While Mark Twain is inaccurately attributed with a statement about the bad weather in San Francisco supposedly saying: “The coldest winter I ever spent was a summer in San Francisco,” I can now categorically state that the worst winter we ever had in Oceanside, Oregon, was April 2022. The month has been atrocious in just about every manner. It has been cold and wet, including snow and hail. Hardly a day when it became possible to make much progress in the yard.
While conditions are not tracked here, Portland may have its wettest month for any April. They were in the top ten when barely half-way through the month. Snow has snarled the city and brought hundreds of trees down. The weight of the snow captured by slowly opening buds and blossoms caused havoc. The city is saying will take weeks to clean up.
Still, a small amount of progress has been made. More land for the Mediterranean garden has been cleared. I had hoped that it would be getting more sun than it actually seems to be getting. The large Douglas Firs next door are blocking most of the sun and it is certainly not getting “full sun”. Perhaps it will have to become a Mediterranean semi-shade garden.
You can get a feel for the steepness of the ground when you see the bare soil here. The height difference here is almost 6 feet across the span of 10 feet. To make matters worse, at the far end, the lower point is even lower while the upper point has risen slightly, making it almost a 1:1 grade
While not a lot of progress was made outside, we did utilize a dry but grey day to take a visit to Dancing Oaks nursery in Monmouth. This is a nursery that has many unique and hard to find plants. The proprietors make international trips and bring new plants back with them. These are plant rarely found in the U.S. nursery trade. Towards the end of last year, they made a trip to England and brought back a number of plants. They are now trialing and maybe will make available in a few years.
What made this visit even more special was the small number of other people who are yet to venture out to the nursery. With only a few other visitors, we managed to make wonderful use of one of the owners (Thanks Fred). Fred not only helped us find plants on our list, but also imparted his wisdom about plants that would do well under our extreme growing conditions. We came back with many new plants and good feeling about plants that we had shunned because we were concerned about the potential for them escaping into our habitat.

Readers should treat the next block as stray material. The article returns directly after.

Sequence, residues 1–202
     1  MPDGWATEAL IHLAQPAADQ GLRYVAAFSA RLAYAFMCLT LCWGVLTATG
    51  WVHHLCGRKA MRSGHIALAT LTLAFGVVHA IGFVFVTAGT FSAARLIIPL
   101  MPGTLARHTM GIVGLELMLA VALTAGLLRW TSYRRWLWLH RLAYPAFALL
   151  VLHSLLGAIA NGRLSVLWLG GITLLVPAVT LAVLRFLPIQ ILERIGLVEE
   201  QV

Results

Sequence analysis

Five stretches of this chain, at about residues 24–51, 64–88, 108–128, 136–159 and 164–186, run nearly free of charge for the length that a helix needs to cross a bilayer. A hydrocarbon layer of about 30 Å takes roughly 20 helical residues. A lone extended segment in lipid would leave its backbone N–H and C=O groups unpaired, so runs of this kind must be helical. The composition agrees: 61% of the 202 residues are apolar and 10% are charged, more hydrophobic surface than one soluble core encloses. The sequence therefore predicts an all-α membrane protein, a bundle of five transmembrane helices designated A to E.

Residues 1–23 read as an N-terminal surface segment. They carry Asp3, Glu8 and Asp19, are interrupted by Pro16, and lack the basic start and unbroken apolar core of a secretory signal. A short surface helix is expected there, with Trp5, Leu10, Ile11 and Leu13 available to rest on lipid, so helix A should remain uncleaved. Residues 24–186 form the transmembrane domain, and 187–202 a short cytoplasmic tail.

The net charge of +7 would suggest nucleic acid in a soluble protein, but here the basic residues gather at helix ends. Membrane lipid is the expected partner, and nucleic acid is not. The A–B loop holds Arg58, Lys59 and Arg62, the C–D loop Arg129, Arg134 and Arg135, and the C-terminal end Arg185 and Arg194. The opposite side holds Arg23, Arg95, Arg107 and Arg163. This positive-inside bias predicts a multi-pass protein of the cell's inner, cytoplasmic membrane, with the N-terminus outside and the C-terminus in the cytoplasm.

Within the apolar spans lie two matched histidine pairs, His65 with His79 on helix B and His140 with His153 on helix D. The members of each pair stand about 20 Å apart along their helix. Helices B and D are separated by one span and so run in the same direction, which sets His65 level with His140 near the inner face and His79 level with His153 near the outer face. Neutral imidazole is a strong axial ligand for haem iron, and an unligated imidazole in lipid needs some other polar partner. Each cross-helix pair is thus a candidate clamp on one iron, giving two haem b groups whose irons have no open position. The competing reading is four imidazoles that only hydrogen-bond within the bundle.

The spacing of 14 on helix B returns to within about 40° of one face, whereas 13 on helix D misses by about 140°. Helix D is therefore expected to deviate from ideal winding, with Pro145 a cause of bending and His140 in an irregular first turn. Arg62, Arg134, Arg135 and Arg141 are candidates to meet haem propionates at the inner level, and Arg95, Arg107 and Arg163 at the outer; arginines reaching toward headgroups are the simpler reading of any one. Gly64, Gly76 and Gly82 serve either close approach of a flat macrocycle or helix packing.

That visit also resulted in a wander around the Hunter Botanical garden in Dallas, Oregon. There is a write up about that here. A true delight hidden alongside the city park.
On the last day of the month, a plant pop-up in Wheeler and a visit to the Wonder Garden in Manzanita raised the spirits. I shall have to write about the Wonder Garden in the near future. It has much the same climate as we do and a lot of plants in common. Given that they are a volunteer run garden (as is the Hunter Arboretum) I did drop them off a plant that may do well for them – Grevillea juniperina ‘Pink Lady’ This is the plant that got me started collecting Grevillea.
What’s in Bloom
The cold weather has slowed things down this year. But there is a bright side. It means that while some plants have been delayed, others have remained in bloom longer than they would in a more typical year. One Grevillea has been blooming its heart out for most of the month is Grevillea lavandulacea ‘Penola’. It has been loaded with its bright red to magenta flowers that are set off so well against the silvery foliage.
There is so much to love about Prunus serrulata ‘Kanzen’, the flowering cherry tree. It sits across from the tea house. The coppery color of the new foliage that crowns the double pink blossoms is stunning. This year, not only have the blossoms lasted much longer, but it is the first year that the deer did not tear the tree apart trying to eat them.
Another outstanding plant this month has been Rhododendron x yakushimanum ‘Gold Prinz’. Rhodies do not do well for us. We planted a bunch of them when I first started to create the garden here. But they were one of the plants that told us we were going to have to think differently because they suffer during our dry summer. But this year Gold Prinz has put on quite the show. The buds really do start off an intense red and the final form of the blossom is a pale yellow.
As I said at the beginning, it was a long, cold, wet month. Let’s start with the temperature. While individual days can be really nice in April, not this year. Last year, we had four days over 70 and one over 80. This year, that total would be none. In fact, the average temperature across the whole month was 3.5°F colder. Last year, the average was 49.8 and this year a measly 46.3.
But that is nothing compared to the rainfall comparisons. Last year, we had 1.35″ of rain. This year it was 10.81″. Our last rain event of this year gave us over 2″ of rain. That is more than the whole months total from last year! I hope that makes some of the plants happy, but then again I know that one day after rain, the soil is starting to dry out.
The anemometer remains broken, so please ignore wind speed.